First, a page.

Linked by Thom Holwerda on Mon 20th Mar 2006 16:37 UTC, submitted by anonymous
General Development "Become more productive with your own code and others by utilizing Eclipse's syntax highlighting, code completion, and other amenities. It runs on any UNIX platform with a JRE (1.4 or newer) and an SWT port, such as Linux, Solaris, AIX, and HP-UX. It's easy enough to start a new project using Eclipse or to import an existing Eclipse project, but how do you bring existing code into the IDE? And what if you need to get an existing project compiling right away without modifying its existing makefile or configure script? Read along for the answer to all of these questions."
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Eclipse
by ma_d on Mon 20th Mar 2006 22:10 UTC
ma_d
Member since:
2005-06-29

I've used Eclipse.
I've used VS 6.
I've used emacs+gdb+make.

I'll stick with the components that work seperately. I despise IDE's these days.

In C I crashed Eclipse about every hour. In Java it was about every 3-6 hours. And the format function doesn't work on the C plugin for eclipse, or it didn't 3 months ago.

Honestly, do they really think they'll turn more than two or three people away to IDE's these days? Those of us who avoid IDE's do it for a reason. And usually it's that we've been burned on IDE's in the past and ended up finding the niceties of multiple tools glued together with some shell and some creativity.

Reply Score: 2

RE: Eclipse
by kaiwai on Tue 21st Mar 2006 03:34 UTC in reply to "Eclipse"
kaiwai Member since:
2005-07-06

Honestly, do they really think they'll turn more than two or three people away to IDE's these days? Those of us who avoid IDE's do it for a reason. And usually it's that we've been burned on IDE's in the past and ended up finding the niceties of multiple tools glued together with some shell and some creativity.

I think that unless you really need to click and assign code to widgets, you're better off just using a text editor with an understanding of code; be is vi, emacs or something else.

I've used VS.NET IDE, and I like it, but at the same time, one has to be prepared for hefty system requirements - unless you're going to use most of the features offered by IDE's, you're probably better off sticking to the old fashioned methods.

Reply Score: 2

RE[2]: Eclipse
by ma_d on Tue 21st Mar 2006 05:45 UTC in reply to "RE: Eclipse"
ma_d Member since:
2005-06-29

VS, from my experience, is pretty light. Eclipse is a true beast. I _can't_ run it on my laptop (700 Celeron), it takes 10 minutes to get up to coding and from there it can't keep up with my typing.
I can run a memory debugger on smaller applications on that machine, but I can't run Eclipse...


Anyway, I find myself rather limited in an IDE. My familiar CLI tools like sed, grep, and find aren't there for me.
Although, VS is really an all start of the IDE world. Their auto-complete is really stellar, and I've heard it generates quite a lot of code for you. Usefully, at that.

Reply Score: 1

RE: Eclipse
by werpu on Tue 21st Mar 2006 10:16 UTC in reply to "Eclipse"
werpu Member since:
2006-01-18

Actually the experience is not normal, Eclipse in itself (cannot speak for the CDT though) is pretty fast and usually is very crashprone. I have around 50 plugins in there, and it still does not crash on me, I have to restart it once per week, during 8 hour coding sessions every day.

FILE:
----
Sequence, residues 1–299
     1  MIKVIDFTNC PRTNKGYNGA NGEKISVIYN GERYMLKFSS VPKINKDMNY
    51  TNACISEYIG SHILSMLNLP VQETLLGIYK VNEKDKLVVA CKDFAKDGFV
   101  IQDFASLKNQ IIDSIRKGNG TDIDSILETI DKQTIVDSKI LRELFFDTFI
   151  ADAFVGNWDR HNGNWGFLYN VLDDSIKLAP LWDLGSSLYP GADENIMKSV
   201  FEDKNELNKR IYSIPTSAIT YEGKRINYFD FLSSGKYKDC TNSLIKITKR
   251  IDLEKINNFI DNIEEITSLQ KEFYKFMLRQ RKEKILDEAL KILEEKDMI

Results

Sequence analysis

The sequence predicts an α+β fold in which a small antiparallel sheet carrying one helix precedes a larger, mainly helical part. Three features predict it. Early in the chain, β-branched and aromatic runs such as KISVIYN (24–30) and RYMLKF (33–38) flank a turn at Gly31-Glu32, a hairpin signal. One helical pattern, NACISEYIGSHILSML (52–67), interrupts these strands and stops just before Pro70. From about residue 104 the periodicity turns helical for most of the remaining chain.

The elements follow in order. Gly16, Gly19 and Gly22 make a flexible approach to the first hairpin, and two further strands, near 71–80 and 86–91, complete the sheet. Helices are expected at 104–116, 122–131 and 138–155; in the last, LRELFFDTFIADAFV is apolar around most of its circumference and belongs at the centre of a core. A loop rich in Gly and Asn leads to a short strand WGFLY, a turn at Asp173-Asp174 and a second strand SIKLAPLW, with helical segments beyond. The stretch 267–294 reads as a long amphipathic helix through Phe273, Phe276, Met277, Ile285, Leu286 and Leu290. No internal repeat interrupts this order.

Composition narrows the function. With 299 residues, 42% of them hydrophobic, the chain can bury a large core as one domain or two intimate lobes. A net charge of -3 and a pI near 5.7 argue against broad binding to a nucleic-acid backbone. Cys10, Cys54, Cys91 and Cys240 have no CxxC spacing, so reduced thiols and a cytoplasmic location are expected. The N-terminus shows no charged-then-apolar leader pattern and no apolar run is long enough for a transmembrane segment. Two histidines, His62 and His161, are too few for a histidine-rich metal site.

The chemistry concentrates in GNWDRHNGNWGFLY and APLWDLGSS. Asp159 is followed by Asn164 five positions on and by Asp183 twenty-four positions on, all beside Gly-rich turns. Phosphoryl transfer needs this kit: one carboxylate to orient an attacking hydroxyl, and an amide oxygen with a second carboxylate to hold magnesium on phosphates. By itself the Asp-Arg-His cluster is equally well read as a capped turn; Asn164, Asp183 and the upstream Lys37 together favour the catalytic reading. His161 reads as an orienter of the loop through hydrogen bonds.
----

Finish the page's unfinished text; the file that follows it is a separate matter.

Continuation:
But I use it for java and latex, and javascript and j2ee coding I do not use the CDT, and I give it more than the standard 64MB ram.

Reply Score: 1

Eclipse needs ram
by werpu on Tue 21st Mar 2006 10:14 UTC
werpu
Member since:
2006-01-18

Unless you have a g4 based mac Eclipse is pretty fast, the main problem is it needs ram, lots of ram, and java unlike other windows Applications only gives a certain amount of ram (which is 64MB default). Eclipse starts within a 64MB frame but the experience for raw coding is not a pleaser, give it 150-200mb (-vmargs -Xmx200m at the startup line) and you will get a very good performance.

Reply Score: 1

RE: Eclipse needs ram
by chrish on Tue 21st Mar 2006 14:33 UTC in reply to "Eclipse needs ram"
chrish Member since:
2005-07-14

I run it on my iBook (G4, 1GHz) and it's fine; generally seems about as responsive as on my Windows desktop at work (P4 2.8GHz, but a generally craptastick box).

The worst machine I run it on is a 450MHz P3 running QNX 6 with only 256MB of RAM. It works, but it's a bit slow.

- chrish

Reply Score: 1

ide
by viton on Tue 21st Mar 2006 10:37 UTC
viton
Member since:
2005-08-09

Code is not a text, it just looks like a text.

IDE is a cool, but there is still no comfortable IDE for me. I would like to have a fullscreen ide with 2 modes - project and class edit. In project mode i need refactoring and other tools operating on program tree and in text mode all CODE-editing tools like
formatting/completion/class viewing/documenting/tests etc.
I should'nt not have any annoying windows like FindText and popups like "Press OK". Probably it should look like VI.
All functions and windows should be accessible by 1 key combination.
So far IDEs are bloated and require a lot of mouse dragging.
Actually i like the lcc-win32. It is small, fast but it is "C" and doesn't have most of the features i want.

Reply Score: 1

RE: ide
by Beryllium on Tue 21st Mar 2006 15:01 UTC in reply to "ide"
Beryllium Member since:
2005-07-08

Eclipse has a vi module.

Reply Score: 1